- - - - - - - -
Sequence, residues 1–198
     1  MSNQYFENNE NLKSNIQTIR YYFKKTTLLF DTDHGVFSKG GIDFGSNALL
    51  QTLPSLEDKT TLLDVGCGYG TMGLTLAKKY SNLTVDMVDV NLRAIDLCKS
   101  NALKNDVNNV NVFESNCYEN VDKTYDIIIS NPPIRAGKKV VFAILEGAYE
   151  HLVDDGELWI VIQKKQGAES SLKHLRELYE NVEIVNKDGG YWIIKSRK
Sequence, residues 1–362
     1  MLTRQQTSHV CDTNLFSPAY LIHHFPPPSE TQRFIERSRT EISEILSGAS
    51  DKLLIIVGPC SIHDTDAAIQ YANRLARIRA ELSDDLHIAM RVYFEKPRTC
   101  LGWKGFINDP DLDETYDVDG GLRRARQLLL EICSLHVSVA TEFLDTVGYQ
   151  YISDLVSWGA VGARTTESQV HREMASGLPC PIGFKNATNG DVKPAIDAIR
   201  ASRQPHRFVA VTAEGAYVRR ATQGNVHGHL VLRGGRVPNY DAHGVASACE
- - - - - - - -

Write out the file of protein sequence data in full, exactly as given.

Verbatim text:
Sequence, residues 1–198
     1  MSNQYFENNE NLKSNIQTIR YYFKKTTLLF DTDHGVFSKG GIDFGSNALL
    51  QTLPSLEDKT TLLDVGCGYG TMGLTLAKKY SNLTVDMVDV NLRAIDLCKS
   101  NALKNDVNNV NVFESNCYEN VDKTYDIIIS NPPIRAGKKV VFAILEGAYE
   151  HLVDDGELWI VIQKKQGAES SLKHLRELYE NVEIVNKDGG YWIIKSRK
Sequence, residues 1–362
     1  MLTRQQTSHV CDTNLFSPAY LIHHFPPPSE TQRFIERSRT EISEILSGAS
    51  DKLLIIVGPC SIHDTDAAIQ YANRLARIRA ELSDDLHIAM RVYFEKPRTC
   101  LGWKGFINDP DLDETYDVDG GLRRARQLLL EICSLHVSVA TEFLDTVGYQ
   151  YISDLVSWGA VGARTTESQV HREMASGLPC PIGFKNATNG DVKPAIDAIR
   201  ASRQPHRFVA VTAEGAYVRR ATQGNVHGHL VLRGGRVPNY DAHGVASACE